Chances are that you’ve received a phishing email in your inbox, but did you know at that time that it was fraudulent?

Phishing emails are an attempt to trick individuals into sharing personal and sensitive information, usually login credentials and sometimes financial information. The attempt typically involves a crafted email with hyperlinks to a website intentionally created to collect information from unsuspecting victims. An attacker may be sending out a generic phishing email to a large number of individuals in order to compromise unwary recipients, or he or she may be targeting you or your organization specifically known as “spear phishing” due to the focused nature of the attempt.

What's the difference between phishing and "spear phishing"? For spear phishing, the attacker will research details about you and your organization to find valid names and information about you to use such as project and organization names. The attacker may have even compromised the account of someone you do business with so they can craft emails from their account.

Here are tips on identifying phishing emails and what steps to take to protect yourself

Think Before You Click
  • Always be careful before clicking on any content in an email, including links and attachments.
  • Hover over the URL (or long-press on a mobile device) to double check its destination before clicking. If it doesn't match, that's a red flag.
  • In some cases, a single click is all that is required for your machine to be compromised.
  • Double check the sender's information: the domain name, recipient list, subject line, message, etc.
Keep an Eye on Shared Documents
  • Invitations to view shared documents are a common way to get you to click. Again, double check the sender. For example, on Office 365, legitimate sharing messages will come from either, or the email of the person sharing the document.
Know Your URLs
  • Never enter your Office 365 account credentials on anything other than the actual Office 365 login page. Look closely at the URL bar. Here is what it looks like:phishing-emails-office-365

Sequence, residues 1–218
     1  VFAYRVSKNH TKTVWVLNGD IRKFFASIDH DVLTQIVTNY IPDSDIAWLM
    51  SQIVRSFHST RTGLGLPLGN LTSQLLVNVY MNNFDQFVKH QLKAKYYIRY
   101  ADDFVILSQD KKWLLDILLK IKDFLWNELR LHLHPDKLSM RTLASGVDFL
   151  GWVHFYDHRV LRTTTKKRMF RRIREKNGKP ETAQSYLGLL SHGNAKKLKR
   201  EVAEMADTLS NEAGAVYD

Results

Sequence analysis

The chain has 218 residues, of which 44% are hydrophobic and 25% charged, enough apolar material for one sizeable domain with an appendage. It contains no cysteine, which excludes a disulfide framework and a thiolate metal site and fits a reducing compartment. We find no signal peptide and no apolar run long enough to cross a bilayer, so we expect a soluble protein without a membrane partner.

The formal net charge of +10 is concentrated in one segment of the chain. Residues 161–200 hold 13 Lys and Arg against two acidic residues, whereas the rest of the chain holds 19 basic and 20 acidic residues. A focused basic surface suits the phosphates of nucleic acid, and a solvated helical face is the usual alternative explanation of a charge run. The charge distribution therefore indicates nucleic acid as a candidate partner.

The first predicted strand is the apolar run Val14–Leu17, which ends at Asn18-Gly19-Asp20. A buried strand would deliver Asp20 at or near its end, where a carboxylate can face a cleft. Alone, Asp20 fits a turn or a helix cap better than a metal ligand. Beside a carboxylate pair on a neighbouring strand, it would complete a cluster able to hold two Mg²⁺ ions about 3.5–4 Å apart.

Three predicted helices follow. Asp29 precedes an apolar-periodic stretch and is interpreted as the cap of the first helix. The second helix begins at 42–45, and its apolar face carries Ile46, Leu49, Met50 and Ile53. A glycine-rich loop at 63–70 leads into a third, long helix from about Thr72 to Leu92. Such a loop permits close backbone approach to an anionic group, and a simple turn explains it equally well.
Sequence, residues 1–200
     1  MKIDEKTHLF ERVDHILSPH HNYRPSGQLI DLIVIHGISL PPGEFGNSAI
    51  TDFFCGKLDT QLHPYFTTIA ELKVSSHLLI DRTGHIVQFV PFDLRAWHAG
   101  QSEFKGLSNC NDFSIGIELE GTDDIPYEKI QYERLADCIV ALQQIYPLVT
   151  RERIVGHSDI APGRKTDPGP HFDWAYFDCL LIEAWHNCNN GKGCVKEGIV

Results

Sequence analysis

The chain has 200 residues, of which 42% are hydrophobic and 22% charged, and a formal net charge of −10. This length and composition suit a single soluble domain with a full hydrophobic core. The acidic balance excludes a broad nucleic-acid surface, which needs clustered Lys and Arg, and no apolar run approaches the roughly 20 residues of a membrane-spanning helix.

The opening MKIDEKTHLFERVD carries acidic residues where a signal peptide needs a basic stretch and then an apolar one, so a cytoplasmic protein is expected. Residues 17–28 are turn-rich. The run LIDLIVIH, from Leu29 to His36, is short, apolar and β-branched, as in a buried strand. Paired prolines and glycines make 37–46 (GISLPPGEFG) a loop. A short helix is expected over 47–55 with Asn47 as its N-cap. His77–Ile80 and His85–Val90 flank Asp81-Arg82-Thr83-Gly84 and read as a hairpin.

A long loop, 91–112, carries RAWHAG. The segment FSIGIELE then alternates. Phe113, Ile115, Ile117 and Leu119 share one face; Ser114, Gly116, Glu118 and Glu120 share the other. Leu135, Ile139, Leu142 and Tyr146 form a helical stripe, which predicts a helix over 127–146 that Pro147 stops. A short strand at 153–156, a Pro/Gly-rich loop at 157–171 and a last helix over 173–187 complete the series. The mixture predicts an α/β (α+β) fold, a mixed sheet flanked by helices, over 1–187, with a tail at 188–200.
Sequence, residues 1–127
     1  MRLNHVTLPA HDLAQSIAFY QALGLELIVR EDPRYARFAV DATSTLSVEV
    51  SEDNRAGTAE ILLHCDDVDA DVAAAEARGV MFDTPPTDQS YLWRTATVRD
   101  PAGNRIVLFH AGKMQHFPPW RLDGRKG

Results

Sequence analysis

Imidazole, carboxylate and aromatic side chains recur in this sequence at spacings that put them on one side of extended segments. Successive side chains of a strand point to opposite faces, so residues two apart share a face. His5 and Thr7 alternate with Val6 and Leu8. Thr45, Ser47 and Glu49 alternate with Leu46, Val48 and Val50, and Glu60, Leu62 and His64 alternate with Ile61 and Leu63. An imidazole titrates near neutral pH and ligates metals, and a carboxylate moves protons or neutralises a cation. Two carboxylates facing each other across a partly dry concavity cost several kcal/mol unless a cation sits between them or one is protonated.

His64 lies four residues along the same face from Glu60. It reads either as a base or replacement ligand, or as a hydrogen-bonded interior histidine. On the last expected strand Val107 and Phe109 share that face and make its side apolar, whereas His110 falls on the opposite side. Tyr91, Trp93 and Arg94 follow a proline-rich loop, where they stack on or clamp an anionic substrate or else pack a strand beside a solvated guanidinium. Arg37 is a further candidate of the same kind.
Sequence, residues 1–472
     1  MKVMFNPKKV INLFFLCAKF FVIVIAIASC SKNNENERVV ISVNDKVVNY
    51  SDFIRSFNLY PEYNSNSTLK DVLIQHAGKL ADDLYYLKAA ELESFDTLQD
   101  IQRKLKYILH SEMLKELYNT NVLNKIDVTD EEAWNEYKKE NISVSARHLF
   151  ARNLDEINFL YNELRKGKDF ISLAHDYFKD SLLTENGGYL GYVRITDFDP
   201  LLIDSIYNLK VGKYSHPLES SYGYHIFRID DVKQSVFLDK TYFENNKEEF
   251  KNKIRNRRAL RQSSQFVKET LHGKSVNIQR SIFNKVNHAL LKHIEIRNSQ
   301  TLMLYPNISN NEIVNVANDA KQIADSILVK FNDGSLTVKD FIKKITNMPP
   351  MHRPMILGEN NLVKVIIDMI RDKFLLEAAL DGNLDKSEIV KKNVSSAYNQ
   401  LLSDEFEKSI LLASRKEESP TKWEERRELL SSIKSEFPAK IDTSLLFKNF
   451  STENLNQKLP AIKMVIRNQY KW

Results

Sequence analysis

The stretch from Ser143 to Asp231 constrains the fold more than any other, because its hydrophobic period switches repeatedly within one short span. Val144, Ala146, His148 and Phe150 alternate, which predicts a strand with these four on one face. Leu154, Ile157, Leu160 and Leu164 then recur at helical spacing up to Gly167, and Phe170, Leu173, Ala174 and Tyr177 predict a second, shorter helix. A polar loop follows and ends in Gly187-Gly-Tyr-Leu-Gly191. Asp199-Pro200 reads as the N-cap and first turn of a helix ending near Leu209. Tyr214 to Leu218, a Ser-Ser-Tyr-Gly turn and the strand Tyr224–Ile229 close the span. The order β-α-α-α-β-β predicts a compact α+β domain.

Report Anything That Looks Phishy
If the email appears to be directly targeting your organization in some way, or you’re just not sure if it is safe, here are a few tips to follow:
  • If the purported sender is someone you know, contact him or her directly to verify if he or she sent the email. Contact this person through a method other than email. If his or her email account has been compromised, an imposter can simply reply in the affirmative to any email response you send.
  • Forward a copy of the email to your organization’s security team or IT help desk so they can help assess and respond to the situation.
Did You Fall For It?
  • If you believe you may have fallen victim and provided your account credentials or other sensitive information through a phishing site, please report it immediately. Your support or incident response team will walk you through the steps you should take, including changing your password and looking for suspicious activity on your account.
Arm Yourself with These Tools
  • Don’t reuse your Office 365 account (or any other important account) password on other sites. Multi-factor authentication on Office 365 accounts makes it harder for an attacker to access your account, but it doesn’t prevent them from using that password to access other accounts where the same password may be used. Having trouble keeping track of more than one password? You’re not alone. Use a password manager!

Attackers and hackers are getting more creative with their attack strategies. Stay prepared and always err on the side of caution.